On September 26, 2014, after five years of negotiations, the Comprehensive Economic and Trade Agreement (CETA) consolidated text was finally released to the public. The consolidated text confirms improvements to Canadian patent protection, as previously signalled in the October 2013 Agreement-in-Principle, and unofficial leaked text released in August of 2014. Chapter 22 of the consolidated CETA text addresses the following key reforms impacting the innovative pharmaceutical industry, which Canada has stated it intends to implement:
- Patent term restoration capped at a maximum of two years for eligible “basic patents”; and
- Equal access to effective appeal rights in court proceedings under thePatented Medicines (Notice of Compliance) Regulations (PM(NOC) Regulations).
CETA is expected to be ratified by Canada and the European Union (EU) in 2016. Additional steps will be required to implement CETA into national legislation.
Patent term restoration
The consolidated CETA text provides greater official insight into the introduction of patent term restoration in Canada.
- Patent term restoration will be available to eligible “basic patents” (defined as patents which protect a product, a process to obtain a product, or an application of a product). In the case where a product is protected by more than one patent, patent term restoration will only apply to a single patent selected by the person requesting the patent term restoration or by agreement between the patent holders (where the patents are not owned by the same person).
- A “product” means the active ingredient(s) of a “pharmaceutical product”, which is defined to include: a chemical drug, biologic drug, vaccine or radiopharmaceutical. An eligible “product” protected by a “basic patent” must hold the Party’s first marketing authorisation for the product. A “product” is not eligible if it has already been the subject of a period of patent term restoration.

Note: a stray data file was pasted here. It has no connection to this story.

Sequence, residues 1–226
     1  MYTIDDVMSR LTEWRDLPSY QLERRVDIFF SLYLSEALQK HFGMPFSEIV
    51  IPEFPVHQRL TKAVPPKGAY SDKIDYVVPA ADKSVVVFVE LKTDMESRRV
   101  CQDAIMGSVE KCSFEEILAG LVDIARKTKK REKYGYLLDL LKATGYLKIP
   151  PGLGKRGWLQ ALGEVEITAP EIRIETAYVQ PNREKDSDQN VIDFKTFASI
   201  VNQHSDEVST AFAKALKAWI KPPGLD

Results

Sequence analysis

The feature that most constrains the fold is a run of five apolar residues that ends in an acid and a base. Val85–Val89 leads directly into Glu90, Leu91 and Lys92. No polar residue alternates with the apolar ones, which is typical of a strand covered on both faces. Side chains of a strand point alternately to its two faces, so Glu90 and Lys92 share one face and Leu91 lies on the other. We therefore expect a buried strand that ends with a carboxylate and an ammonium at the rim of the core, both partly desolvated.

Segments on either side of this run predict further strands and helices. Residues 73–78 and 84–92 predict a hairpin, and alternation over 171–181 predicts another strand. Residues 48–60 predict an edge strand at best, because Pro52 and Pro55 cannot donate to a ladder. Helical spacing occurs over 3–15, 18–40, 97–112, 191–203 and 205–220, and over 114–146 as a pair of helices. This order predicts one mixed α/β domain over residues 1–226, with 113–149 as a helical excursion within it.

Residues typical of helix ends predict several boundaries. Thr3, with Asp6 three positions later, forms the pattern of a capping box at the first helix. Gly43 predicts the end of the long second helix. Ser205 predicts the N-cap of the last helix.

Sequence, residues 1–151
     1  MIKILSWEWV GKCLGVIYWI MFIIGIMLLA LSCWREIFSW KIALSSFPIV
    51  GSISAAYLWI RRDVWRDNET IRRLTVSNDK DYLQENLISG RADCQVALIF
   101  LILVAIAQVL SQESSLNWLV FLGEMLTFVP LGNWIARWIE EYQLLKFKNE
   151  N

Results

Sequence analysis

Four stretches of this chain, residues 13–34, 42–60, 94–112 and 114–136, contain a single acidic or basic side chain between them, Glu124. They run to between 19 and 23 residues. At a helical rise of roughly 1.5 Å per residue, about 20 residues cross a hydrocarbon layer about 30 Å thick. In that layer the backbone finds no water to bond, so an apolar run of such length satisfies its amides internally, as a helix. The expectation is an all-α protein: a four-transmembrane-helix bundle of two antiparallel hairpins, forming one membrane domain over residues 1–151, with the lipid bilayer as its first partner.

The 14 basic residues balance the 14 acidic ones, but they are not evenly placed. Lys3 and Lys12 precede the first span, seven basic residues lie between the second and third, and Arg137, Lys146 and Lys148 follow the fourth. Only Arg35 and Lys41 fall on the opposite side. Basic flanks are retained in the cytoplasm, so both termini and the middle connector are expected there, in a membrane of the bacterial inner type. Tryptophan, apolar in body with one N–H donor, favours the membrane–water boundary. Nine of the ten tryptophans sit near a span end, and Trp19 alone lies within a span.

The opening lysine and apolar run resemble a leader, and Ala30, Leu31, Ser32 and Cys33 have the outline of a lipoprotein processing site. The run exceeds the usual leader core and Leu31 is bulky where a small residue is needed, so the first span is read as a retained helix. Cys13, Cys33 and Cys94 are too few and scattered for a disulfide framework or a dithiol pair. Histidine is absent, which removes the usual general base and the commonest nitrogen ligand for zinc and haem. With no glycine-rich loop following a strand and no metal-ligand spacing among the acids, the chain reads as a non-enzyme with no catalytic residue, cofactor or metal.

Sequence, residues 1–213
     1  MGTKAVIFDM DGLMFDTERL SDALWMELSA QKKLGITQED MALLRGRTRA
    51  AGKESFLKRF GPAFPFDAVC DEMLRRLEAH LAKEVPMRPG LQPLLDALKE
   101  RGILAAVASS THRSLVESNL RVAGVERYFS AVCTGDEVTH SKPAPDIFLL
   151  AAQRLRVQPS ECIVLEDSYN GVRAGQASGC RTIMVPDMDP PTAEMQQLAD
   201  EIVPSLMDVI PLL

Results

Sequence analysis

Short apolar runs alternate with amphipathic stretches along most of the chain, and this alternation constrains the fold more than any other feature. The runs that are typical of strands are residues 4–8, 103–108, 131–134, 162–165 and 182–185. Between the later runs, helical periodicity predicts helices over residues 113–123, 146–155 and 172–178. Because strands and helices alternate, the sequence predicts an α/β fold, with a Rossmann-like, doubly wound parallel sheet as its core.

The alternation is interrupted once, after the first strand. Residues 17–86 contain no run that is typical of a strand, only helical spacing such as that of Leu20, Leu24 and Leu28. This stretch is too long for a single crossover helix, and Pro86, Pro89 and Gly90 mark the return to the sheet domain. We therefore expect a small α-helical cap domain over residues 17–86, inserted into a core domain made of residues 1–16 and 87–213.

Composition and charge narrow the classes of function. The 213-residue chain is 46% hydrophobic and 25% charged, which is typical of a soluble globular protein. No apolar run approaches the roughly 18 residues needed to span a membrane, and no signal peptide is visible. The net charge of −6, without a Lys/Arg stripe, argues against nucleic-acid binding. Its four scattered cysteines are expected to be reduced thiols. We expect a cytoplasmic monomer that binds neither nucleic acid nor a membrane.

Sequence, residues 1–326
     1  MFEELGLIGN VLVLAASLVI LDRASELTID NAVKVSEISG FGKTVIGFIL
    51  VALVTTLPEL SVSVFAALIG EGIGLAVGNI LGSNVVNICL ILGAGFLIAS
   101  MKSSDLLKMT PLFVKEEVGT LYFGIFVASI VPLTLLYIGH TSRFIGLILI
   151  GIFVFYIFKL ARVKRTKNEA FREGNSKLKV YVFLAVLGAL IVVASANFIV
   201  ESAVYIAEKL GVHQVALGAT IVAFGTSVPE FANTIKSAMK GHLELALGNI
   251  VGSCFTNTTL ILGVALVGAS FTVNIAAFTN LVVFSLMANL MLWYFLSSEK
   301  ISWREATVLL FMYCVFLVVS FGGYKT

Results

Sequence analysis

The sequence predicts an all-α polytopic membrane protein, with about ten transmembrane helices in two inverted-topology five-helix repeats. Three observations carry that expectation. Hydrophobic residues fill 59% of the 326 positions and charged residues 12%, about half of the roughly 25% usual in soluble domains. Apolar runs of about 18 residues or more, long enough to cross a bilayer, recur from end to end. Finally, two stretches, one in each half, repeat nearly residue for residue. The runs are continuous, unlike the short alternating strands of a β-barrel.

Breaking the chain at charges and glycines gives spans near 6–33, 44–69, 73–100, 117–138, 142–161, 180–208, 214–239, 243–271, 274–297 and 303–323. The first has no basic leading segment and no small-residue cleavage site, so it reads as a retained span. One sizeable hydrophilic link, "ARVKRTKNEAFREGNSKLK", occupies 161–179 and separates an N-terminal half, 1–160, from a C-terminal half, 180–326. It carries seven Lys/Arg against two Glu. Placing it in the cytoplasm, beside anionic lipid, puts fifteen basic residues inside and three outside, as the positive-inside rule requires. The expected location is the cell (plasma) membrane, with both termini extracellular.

- The patent restoration term will be calculated as the difference between the filing date of the patent application and the date of product market approval, minus five years, to a maximum of two years. Canada did not adopt the longer five year maximum term available under the EU regime (and permitted under CETA).1
- The patent restoration term will take effect at the end of the lawful patent term. There is discretion to decrease the term based on “unjustified delays” in pursuing product market authorization.
- A time limit of no less than 60 days may be applied to the submission of requests for patent term restoration. This time limit will commence from the date of the first product marketing authorisation, or the date of the grant of the patent if the patent has not yet issued at the date of marketing authorisation.
- There is also discretion to limit the scope of patent term restoration protection by adopting export exemptions.This provision is intended to permit the possibility of Canadian-made generic drug exports during the patent restoration period in order to “temper the impact on the generic industry and its competitiveness in the important United States market”.2
Patent term restoration is not expected to be applied retroactively to pharmaceutical products that are already approved and on the Canadian market.3
Effective right of appeal
Court proceedings under the PM(NOC) Regulations are intended to summarily resolve patent disputes between innovative and generic drug manufacturers in advance of generic drug market entry. As the law presently stands, only generic drug manufacturers have an effective right to appeal an adverse decision. When a PM(NOC) proceeding is dismissed against an innovator, the innovator’s appeal becomes moot once the impugned generic product is issued a notice of compliance, which invariably occurs within a matter of days.
The CETA text provides that “all litigants are afforded equivalent and effective rights of appeal” in the context of “patent linkage” mechanisms such as the PM(NOC) Regulations. It remains to be seen how the right of appeal will be provided in practice.
CETA negotiations were launched in May of 2009 at the EU-Canada Summit. In October of 2013, we reportedthat Canada and the EU reached an Agreement-in-Principle on improvements in patent protection including addressing unequal appeal rights for innovators under the PM(NOC) Regulations and the introduction of a maximum two year term of patent term exclusivity for eligible patents. The possibility of extending the scope and term of data protection available for pharmaceutical products in Canada to mirror the more extensive EU regime was also explored in negotiations, but ultimately rejected by the Canadian Government.